Monday, September 10, 2012

Mitt Romney promises to do the impossible

By Michael J.W. Stickings

Yesterday on Meet the Press, Mitt Romney, having fully embraced the strategy of lying to the American people and counting on mass ignorance to elect him (because his policies don't exactly stand up to reality-based scrutiny), said that he would "not [reduce] taxes on high-income taxpayers." Rather, he would "[bring] down the rate of taxation, but also [bring] down deductions and exemptions at the high end so that the revenues stay the same, the taxes people pay stay the same — middle income people are going to get a break, but at the high end the tax coming in stays the same."

As Think Progress points out, however:

Romney's plan, in reality, would provide the very richest Americans a $264,000 tax break. It also maintains current tax rates on investments that are otherwise set to expire at the end of the year, and it eliminates the estate tax, paid by only the richest one-quarter of one percent of Americans.

Romney is apparently arguing that he will raise enough revenue through the elimination of tax loopholes that benefit the rich to totally offset the tax cut he provides them, though an analysis from the Tax Policy Center found that to be a mathematical impossibility. There simply isn't enough revenue to be generated through the closure of those loopholes to offset the massive cost of Romney's plan, and even if it was possible, Romney again declined to provide host David Gregory a single loophole he would favor closing.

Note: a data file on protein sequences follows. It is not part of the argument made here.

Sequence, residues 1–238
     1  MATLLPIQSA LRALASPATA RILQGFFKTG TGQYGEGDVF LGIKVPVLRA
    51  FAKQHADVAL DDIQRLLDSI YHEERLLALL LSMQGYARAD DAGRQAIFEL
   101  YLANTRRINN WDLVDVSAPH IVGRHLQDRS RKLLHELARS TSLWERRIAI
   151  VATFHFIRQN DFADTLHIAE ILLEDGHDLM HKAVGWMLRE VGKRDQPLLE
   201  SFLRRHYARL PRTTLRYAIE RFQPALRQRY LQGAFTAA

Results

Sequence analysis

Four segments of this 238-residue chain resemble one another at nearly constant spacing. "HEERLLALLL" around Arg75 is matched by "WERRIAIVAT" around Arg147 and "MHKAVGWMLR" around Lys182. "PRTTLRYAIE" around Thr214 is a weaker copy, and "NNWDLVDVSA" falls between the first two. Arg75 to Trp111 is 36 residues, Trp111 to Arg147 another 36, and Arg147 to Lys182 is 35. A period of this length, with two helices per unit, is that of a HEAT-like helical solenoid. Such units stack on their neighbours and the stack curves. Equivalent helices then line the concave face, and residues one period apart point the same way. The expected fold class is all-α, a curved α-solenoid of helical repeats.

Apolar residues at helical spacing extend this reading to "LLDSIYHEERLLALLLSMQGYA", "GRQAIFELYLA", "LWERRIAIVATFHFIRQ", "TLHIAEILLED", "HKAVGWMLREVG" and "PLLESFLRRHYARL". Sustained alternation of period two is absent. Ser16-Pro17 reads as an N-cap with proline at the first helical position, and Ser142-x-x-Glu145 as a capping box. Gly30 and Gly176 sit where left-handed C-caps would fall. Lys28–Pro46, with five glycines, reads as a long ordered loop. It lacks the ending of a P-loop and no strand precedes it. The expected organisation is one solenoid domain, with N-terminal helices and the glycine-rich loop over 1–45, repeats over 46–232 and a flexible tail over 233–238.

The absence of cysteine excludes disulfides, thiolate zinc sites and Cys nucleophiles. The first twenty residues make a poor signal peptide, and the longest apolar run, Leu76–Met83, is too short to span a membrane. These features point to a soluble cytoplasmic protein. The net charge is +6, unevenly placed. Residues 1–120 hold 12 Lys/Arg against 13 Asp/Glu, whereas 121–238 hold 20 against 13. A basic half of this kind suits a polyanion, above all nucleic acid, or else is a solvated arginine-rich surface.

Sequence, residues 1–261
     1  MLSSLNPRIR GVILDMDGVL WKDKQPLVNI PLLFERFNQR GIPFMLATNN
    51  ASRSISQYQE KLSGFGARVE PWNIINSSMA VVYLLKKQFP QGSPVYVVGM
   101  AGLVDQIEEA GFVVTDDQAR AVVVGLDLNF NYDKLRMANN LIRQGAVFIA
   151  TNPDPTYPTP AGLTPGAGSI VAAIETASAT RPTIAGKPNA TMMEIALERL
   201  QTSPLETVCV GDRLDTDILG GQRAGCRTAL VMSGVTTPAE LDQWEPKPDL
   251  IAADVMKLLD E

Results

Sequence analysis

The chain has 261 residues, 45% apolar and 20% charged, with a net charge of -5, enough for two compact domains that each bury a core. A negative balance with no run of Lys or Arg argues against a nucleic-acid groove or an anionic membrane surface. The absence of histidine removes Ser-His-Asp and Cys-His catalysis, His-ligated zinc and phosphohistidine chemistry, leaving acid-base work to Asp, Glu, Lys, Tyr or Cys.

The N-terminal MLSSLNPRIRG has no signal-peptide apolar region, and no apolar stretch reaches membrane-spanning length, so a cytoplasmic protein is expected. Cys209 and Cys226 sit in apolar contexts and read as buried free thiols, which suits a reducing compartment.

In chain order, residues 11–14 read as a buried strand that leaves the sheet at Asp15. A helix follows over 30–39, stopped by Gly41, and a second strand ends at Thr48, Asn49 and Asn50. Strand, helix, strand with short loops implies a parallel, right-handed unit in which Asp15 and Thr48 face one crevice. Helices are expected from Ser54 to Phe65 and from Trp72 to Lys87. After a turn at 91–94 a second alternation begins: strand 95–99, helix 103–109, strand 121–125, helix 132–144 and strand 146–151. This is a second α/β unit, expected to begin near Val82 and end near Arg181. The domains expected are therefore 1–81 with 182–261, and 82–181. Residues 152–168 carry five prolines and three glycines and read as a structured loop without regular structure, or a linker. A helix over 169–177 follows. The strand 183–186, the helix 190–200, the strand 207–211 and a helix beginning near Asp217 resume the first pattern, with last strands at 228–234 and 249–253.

Romney also repeated that he would both balance the budget and reduce taxes on middle-income Americans, another mathematical impossibility. To provide the full tax cut, Romney would have to either abandon his pledge to maintain current revenue levels or raise taxes on middle-class families by as much as $2,000. Doing both, as Romney asserts he will, violates elementary laws of arithmetic.

The Romney campaign has already said it won't be "dictated by fact checkers." Apparently Mitt won't let himself be dictated by mathematics either. (Math has such blatant liberal bias, after all.)

If you think 2+2=5 and don't like thinking for yourself, you're just the sort of rube he's counting on.

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